By Chris Erwin
You would think that this month wouldn’t have much of an impact on beekeeping; however, this month is the most critical time for a few things that can make or break a new or veteran beekeeper.
If you are thinking of getting into beekeeping, this month is also the time when all bee clubs host their annual bee schools. It doesn’t matter where you live in Kentucky there is a bee club near you. Out of the 120 counties in Kentucky, there are only a few that don’t have a bee Club.
Beekeeping originations put on their bee schools this month because this is the month that bee suppliers begin to take orders for package bees and Nuc’s (nucleus hives). Last year, the Honey & Bee Connection, a local supplier, delivered some 1,000 packages of bees and 200 Nucs. If you wait until after January, the chances are you may find it challenging to find bees to purchase.
Today I wanted to cover one of the most challenging periods to get through I’m talking about winter. For several reasons, bee colonies can need a helping hand getting through this period. Assuming you keep the moisture out of your hive and you have treated your bees for Varroa mites. The next big thing is, do they have enough stored honey and pollen. To supplement this critical need, beekeepers add a product call Fondant to the hive.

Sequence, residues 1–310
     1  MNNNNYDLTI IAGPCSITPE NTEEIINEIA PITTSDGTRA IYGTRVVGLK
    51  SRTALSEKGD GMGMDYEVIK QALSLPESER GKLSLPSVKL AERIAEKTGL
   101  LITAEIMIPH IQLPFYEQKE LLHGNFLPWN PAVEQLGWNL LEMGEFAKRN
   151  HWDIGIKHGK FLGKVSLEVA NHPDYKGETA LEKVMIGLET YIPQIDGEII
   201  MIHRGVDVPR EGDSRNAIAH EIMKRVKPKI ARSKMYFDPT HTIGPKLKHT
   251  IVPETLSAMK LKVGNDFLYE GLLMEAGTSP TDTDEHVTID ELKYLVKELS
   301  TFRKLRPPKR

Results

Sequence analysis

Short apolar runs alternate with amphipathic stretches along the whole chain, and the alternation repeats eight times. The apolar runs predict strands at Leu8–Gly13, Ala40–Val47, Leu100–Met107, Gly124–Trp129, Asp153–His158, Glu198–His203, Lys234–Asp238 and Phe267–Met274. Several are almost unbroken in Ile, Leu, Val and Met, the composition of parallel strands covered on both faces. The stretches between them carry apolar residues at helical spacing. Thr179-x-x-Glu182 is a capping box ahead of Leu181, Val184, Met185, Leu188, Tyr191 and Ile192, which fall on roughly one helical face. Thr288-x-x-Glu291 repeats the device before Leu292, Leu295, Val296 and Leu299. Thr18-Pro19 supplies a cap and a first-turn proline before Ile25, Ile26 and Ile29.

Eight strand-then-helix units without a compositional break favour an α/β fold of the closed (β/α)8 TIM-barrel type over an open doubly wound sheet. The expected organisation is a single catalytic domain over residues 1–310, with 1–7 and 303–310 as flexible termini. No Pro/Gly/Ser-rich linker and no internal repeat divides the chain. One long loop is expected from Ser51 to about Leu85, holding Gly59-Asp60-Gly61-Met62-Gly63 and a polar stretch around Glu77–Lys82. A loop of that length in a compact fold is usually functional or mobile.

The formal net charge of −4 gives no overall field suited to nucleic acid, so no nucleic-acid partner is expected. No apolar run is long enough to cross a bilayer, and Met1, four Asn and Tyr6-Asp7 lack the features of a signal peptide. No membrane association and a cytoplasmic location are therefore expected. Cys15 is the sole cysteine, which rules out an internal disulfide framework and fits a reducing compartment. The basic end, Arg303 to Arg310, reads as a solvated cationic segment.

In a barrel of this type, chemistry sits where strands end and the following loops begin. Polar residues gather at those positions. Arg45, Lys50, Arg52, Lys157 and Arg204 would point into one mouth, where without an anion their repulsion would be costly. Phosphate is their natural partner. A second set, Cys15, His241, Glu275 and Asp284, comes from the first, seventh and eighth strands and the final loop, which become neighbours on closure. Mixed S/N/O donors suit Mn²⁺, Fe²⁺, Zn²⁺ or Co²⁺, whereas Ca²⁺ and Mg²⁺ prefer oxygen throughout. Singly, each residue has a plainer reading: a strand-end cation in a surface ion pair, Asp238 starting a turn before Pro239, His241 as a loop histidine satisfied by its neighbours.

I keep Fondant in my hives until I see spring bees emerging, and I know the nectar flow is beginning. Fondant can be as simple as sugar and water; however, I have found that recipe I’m about to give you far outperforms simple sugar and water.
Directions: The list of ingredients is,
12 pounds of sugar,
1 quart of water,
1 teaspoon of lemongrass oil,
1 teaspoon of peppermint oil,
1 teaspoon of spearmint oil,
2 tablespoons of apple cider vinegar,
and 3 cups of AP23. ( AP23 is a pollen substitute developed just for bees; this adds needed protein to the diet.
The water and sugar are put in a saucepan and heated as if you are making candy using a candy thermometer. You want the mixture to reach 250 degrees or soft-ball stage. You must watch the contents and make sure it doesn’t boil over. Once it reaches the 250 dregs, take off the heat and add all of the other ingredients, stir in the AP23 until it’s evenly distributed. Then pour the fondant into six pie tins I use 8×8 and it makes them a little over an inch deep once they are cooled you can remove them from the tins.
You can put one in each hive, I usually lay them right on my inter-lid and, in some cases on the top of the frames. You need to check the colonies once a month and add more if they need it. I usually do this on days when the temperature is over 40 degrees. At this temperature, your bees should be flying and not in the cluster.
In the last five years, I haven’t lost any hives to winter or hive starvation. While some people start feeding one to one sugar water in March, I do not. I try to not add any moisture to the hive until all chances of a freeze are over.
All of the local bee clubs are finalizing their bee schools. I know I will be teaching a small part of the Greenup County School. After the 7th of January, I will be covering all you need to know to attend. I hope you all had a wonderful Christmas and News Year’s may God bless you. Chris Erwin is the founder and publisher of Kentucky Angling News an on-line magazine available at www.kentuckyangling.com/magazine Chris can be reached by email Trimmer308@gmail.com